Cucumbers are heavy feeders so work well composted material into the area you are planting in. After the soil temperatures have reached 70ºF to 95ºF, sow seeds one-half to one inch deep, six inches between plants and and in hills or rows four to six feet apart.
Each packet contains one gram, which is approximately 25 to 30 seeds.
Click on variety's picture or name below for more information and quantity pricing options (where available).
Cucumbers will cross with one another but not with other plants in the Cucurbitaceae family. For instance, 'Lemon Apple' will readily cross with 'Homemade Pickles' but it will not cross with 'West Indian Gherkin'. If you are planning to save seed and growing more than one variety of cucumber (Cucumis sativus), you will need to isolate them from one another by about one-half mile or hand pollinate to insure seed purity.
Cucumbers are also slightly day length sensitive. That is, they produce the most female flowers when the days are about eleven hours long. This is why it is common to have a shortage of cucumbers in midsummer in some areas.
This day length phenomenon is not to be confused with a problem that some hybrids exhibit. Some hybrid cucumber varieties are what are known as gynoecious. That is, they only produce female flowers. How the seed companies get around this problem is by placing a small number of seeds from a standard-type, but similar cucumber, into the pack. The odds are usually good that if you plant the whole packet and everything grows, you will get both male and female flowers so that pollination will occur and you will get fruit.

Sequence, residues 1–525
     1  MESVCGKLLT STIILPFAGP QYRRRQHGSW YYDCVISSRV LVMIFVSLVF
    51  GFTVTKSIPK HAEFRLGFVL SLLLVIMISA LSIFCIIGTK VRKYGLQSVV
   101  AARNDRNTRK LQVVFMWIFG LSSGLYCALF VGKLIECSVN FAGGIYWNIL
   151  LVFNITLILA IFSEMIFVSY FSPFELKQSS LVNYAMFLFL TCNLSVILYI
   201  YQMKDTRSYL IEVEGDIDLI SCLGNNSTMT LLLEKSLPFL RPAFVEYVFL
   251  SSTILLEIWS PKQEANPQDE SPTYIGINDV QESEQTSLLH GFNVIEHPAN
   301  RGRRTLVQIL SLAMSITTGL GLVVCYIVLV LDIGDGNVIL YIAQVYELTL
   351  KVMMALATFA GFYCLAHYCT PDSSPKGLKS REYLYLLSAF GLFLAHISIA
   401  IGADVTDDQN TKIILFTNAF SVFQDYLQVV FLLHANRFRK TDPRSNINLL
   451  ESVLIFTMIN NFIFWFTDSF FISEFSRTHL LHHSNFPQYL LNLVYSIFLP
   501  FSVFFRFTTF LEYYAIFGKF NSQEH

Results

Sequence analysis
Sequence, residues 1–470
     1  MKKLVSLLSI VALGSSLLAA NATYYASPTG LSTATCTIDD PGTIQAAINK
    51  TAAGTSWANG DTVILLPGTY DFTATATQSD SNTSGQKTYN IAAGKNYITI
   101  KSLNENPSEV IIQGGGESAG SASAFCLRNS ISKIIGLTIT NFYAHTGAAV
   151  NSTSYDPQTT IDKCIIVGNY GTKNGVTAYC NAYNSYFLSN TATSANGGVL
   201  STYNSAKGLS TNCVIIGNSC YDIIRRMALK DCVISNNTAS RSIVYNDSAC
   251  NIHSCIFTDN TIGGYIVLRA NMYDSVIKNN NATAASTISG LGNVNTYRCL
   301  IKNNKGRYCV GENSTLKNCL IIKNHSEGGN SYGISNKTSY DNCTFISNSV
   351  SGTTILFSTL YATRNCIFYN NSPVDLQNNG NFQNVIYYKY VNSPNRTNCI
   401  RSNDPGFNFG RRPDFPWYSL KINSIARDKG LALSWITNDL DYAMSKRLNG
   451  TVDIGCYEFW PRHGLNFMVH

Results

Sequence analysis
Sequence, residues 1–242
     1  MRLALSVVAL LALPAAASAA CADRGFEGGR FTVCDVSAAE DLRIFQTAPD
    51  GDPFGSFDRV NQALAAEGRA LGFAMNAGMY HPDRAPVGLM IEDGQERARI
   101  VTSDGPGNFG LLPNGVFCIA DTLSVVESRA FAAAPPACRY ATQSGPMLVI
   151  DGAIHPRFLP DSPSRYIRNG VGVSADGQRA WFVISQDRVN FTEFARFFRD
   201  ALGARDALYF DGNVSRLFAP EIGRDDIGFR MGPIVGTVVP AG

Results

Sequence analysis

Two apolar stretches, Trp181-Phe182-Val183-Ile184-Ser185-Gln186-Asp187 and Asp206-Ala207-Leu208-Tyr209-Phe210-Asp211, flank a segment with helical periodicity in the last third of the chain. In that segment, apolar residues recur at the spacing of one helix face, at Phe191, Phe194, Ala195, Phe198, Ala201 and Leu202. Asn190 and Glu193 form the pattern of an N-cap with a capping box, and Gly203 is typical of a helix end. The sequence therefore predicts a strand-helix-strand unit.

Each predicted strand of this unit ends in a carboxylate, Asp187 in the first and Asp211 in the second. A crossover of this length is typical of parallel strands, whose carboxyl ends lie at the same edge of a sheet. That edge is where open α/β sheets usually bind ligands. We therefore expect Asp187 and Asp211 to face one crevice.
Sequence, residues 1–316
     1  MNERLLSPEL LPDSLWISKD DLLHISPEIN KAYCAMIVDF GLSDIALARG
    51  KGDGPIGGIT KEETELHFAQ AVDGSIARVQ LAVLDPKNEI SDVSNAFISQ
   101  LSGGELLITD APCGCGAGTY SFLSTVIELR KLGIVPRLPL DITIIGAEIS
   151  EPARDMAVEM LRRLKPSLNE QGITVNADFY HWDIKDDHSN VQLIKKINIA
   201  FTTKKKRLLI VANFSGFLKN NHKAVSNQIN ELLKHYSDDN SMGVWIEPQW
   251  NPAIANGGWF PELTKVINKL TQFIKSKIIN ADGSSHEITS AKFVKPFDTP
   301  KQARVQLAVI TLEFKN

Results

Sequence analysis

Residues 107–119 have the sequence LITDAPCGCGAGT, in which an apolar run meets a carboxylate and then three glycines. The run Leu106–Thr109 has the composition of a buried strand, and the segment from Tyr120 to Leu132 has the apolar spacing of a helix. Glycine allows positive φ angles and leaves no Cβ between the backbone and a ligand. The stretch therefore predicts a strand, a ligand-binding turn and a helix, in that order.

The older, standard varieties that we offer are not unstable hybrids. They are open-pollinated (e.g. will breed true-to-type if not crossed with another variety) and the same vines will produce both male and female flowers.
• The optimal size for harvest depends on the specific characteristics of the variety. • In general, they should be harvested when green and firm. Even 'Lemon Apple' cucumbers should be harvested green with only the slightest yellow blush. • The adage that "bigger is better" does not hold true for cucumbers. No matter the variety, they tend to become bitter the more they mature. • Remove the cucumbers from the plants by cutting so as not to damage the vines. Additionally, leave a small bit of the stem on the fruits. This will allow them to store in your refrigerator longer.